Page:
NEW YORK -- As he removed Jon Niese from Saturday's game, Terry Collins saw the fire and passion he wants from his team.
His starting pitcher didn't want to exit, preferring to stay in to throw one more pitch or face one more batter. That, Collins would say after the Mets lost 5-2 to the Cubs, is an example of what builds a winning club.
New York Mets
"Jon Niese didn't have his good stuff today. He battled through six innings. He didn't want to come out of the game. That's what I want," a fired-up Collins said. "I want guys who don't want to come out of the game. I want guys that say, 'I care enough, as much as you do, that I want to stay in the game.' We get more guys like that, we'll win more baseball games."
The Mets are searching to find a galvanizing force to turn this season around after losing for the 10th time in 12 games Saturday, falling to the Cubs at Citi Field. After their third straight loss, the Mets are a season-low 15 games under .500 and are on pace to lose 100 games.
"Guys need to dig down deep and go one of two ways," Mets third baseman David Wright said. "Either just go through the motions and play things out or get motivated by whatever means necessary and finish this thing strong. A lot of these guys are going to be part of the future."
Since sweeping the Yankees in May, the Mets have gone into a free fall. They've won just twice in June and have gone 0-7 against a pair of poor teams in Chicago and Miami. On Saturday, they couldn't get it done offensively, failing four times in the eighth and ninth with the tying run at the plate. They've scored just six runs in their past three games and just 37 in 11 games in June.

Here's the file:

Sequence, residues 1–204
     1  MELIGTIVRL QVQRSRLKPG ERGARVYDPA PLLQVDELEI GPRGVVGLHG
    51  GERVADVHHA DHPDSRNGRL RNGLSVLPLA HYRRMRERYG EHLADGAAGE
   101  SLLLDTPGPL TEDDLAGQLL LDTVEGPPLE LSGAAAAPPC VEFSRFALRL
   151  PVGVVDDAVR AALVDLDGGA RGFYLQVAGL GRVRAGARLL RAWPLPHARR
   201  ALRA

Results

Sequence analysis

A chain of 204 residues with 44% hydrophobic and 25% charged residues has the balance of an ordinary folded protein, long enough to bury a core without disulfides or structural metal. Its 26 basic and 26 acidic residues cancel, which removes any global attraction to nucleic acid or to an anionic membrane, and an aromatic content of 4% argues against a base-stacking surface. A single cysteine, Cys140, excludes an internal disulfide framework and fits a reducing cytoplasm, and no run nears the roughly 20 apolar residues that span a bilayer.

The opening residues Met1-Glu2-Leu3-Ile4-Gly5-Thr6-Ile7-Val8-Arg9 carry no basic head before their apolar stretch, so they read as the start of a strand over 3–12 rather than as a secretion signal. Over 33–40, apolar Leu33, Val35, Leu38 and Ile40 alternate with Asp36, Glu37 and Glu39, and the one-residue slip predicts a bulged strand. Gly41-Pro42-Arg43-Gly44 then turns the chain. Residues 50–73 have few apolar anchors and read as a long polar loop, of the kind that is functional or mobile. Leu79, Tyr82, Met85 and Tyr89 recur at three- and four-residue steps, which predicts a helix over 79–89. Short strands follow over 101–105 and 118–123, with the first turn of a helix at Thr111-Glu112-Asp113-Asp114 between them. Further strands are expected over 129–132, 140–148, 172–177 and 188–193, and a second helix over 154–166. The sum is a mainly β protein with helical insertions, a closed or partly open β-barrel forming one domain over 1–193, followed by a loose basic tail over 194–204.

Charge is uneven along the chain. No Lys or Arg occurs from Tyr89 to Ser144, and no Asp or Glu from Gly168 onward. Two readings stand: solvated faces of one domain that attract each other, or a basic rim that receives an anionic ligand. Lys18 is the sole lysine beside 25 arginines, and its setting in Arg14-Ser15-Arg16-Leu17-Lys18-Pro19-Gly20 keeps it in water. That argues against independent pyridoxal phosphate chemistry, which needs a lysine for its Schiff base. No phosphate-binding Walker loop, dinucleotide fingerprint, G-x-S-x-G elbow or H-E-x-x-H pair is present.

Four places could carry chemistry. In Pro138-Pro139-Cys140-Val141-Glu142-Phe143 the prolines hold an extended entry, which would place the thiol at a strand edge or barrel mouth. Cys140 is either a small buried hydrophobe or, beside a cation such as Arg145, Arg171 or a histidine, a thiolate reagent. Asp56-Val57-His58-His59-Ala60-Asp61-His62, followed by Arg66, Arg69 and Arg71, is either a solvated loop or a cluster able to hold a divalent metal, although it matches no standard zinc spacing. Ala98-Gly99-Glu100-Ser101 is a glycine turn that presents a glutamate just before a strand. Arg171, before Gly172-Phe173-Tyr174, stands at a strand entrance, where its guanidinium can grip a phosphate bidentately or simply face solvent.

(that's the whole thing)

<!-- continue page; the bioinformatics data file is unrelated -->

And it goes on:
New York Mets
"You look up in the eighth inning, we have two stinking hits. Two!" Collins said. "Those are issues. Even our outs, as I've said before, once in a while you have to have some productive outs. Move people along. Try to get guys in scoring position. I know we're not driving in runs but still got to go up there with a game plan. 'Look, I'm going to get somebody over; I'm going to get somebody in.' We're not doing that."
Both Wright and Collins said they don't believe the team's issues stem from a lack of effort. Collins said he hasn't seen any player stop hustling or slack in his pregame routine. He worries, though, that losing is becoming too commonplace. Even Wright admitted these aren't the happiest of days in Flushing.
"These postgame questions, I'm starting to not have anything really new to say. It's a lot of the same issues, day after day, and that's something I say we have to correct because nobody's having any fun right now," Wright said. "It's not fun to come to the park and lose and lose in the fashion that we're losing."